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SportsColumnistsBob Glauber

Jones doesn't plan to opt out, but respects players who had to make tough decision

Daniel Jones during Giants training camp on Thursday.

Daniel Jones during Giants training camp on Thursday. Credit: Matthew Swensen/Matthew Swensen

Daniel Jones didn’t give it a second thought.

With dozens of players deciding it’s not worth the risk of trying to get through the season due to the ongoing COVID-19 pandemic, the Giants’ quarterback is all in on 2020.

“No, I do not plan to opt out,” Jones told reporters Thursday during a Zoom chat in his first public media availability since the start of training camp.

But Jones does acknowledge — and respect — the decision by those who have chosen not to play this year. It’s an important message to deliver, especially with the criticism being leveled at many who have decided that their personal health and well-being, as well as the safety of their families, supersedes the risks of playing amid a pandemic.

“It’s important to realize that everyone has different circumstances, whether it be family related or personally or whatever it may be,” Jones said. “Everyone has got to consider their own personal situation and I certainly respect that and expect people to do that and do what’s best for them and certainly don’t hold that against them.”

Teammate Nate Solder is one of those with whom Jones can empathize. The veteran left tackle, himself a cancer survivor, has a young son who was diagnosed with cancer when he was just three months old.

“Obviously, Nate made a decision to opt out, and he’s got an extremely tough circumstance,” Jones said. “He’s got to do what’s best for his family. All the respect in the world, all the support in the world to him.”

It’s a timely and heartfelt message from the Giants’ new leader on offense, and one that should resonate with anyone dealing with circumstances that put them at greater risk for contracting a disease that has killed more than 155,000 Americans in less than six months. But it’s a message that is not universally shared by those who believe that NFL players somehow owe it to the fans to participate in the upcoming season.

Bills All-Pro cornerback Tre’Davious White experienced some of that criticism when word surfaced he was considering an opt-out.

“Crazy that me choosing my family’s well-being over a game comes with so called fans attacking and questioning me and saying I’m selfish,” White tweeted Thursday morning before deciding to play this season. “No you guys are selfish for thinking that football is bigger than life. Oh by the way my girl’s grandfather passed from COVID. U understand now?”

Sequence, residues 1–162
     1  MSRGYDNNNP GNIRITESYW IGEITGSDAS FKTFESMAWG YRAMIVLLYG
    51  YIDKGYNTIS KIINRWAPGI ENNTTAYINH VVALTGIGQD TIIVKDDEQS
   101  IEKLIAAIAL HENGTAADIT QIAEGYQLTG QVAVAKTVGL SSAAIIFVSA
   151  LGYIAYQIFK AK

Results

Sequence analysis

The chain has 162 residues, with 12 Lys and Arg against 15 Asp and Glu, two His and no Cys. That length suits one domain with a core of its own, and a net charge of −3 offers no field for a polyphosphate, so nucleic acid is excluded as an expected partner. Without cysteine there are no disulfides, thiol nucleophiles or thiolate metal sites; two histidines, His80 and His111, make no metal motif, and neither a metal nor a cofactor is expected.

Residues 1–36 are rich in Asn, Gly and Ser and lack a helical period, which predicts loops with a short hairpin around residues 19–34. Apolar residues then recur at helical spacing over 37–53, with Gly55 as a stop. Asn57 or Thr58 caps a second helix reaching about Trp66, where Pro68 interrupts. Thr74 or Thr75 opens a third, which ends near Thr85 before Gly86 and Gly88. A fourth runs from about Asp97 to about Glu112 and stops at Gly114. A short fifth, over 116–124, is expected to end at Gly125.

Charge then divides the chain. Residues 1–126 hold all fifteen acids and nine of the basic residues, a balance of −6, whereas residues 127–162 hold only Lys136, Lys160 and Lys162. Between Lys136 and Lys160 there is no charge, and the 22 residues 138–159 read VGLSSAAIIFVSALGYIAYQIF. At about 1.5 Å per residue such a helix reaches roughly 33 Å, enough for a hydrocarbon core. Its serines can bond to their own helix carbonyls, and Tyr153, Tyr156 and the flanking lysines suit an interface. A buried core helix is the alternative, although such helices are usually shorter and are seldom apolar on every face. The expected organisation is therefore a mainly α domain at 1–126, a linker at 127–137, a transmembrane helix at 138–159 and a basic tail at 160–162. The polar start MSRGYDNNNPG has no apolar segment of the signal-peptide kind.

Sixty-six players opted out before Thursday’s 4 p.m. deadline, a small fraction of the estimated 2,000 players that participate in a season, but a noteworthy number, nonetheless. Especially in a sport in which tapping out is considered a sign of weakness, opting out now carries a similar stigma to some. Eight Patriots players, including right tackle Marcus Cannon, linebacker Dont'a Hightower and safety Patrick Chung, are forgoing the season, as well as Chiefs guard Laurent Duvernay-Tardif, Jets linebacker C.J. Mosley and Eagles receiver Marquise Goodwin. Two other Giants players besides Solder — wide receiver Da’Mari Scott and cornerback Sam Beal — have also opted out.

“You’ve got to look at everyone individually and personally, and you have no way of knowing exactly what’s going on and why they made that decision,” Jones said. “That’s up to them. Like I said, I certainly respect it and support it for all the people who made that decision.”

Well said, sir.

Jones, meanwhile, goes about the business of beginning his first year as the Day 1 starter under highly unusual circumstances, and will navigate what was already a tricky situation even before the virus surfaced with a sense of calm and purpose. Not easy.  

“Right now, I think my focus is on this camp and trying to make sure I am as prepared as possible mentally,” he said. “Make sure we take the right steps forward and improving every single day.”

Jones has added some muscle — he’s now playing at 229 pounds, up from 220 last year — and said he feels “like I’m as strong as I’ve been. I feel like I’m in good shape. I wanted to get stronger for what that does for every part of my game — standing in the pocket, running when I need to and obviously throwing the ball as efficiently as I can.”

Jones has done all he can to be as ready as he possibly can, albeit in the strange reality that is today’s NFL.

He’s hoping for the best, which is about all he — or anyone — can hope for these days.

New York Sports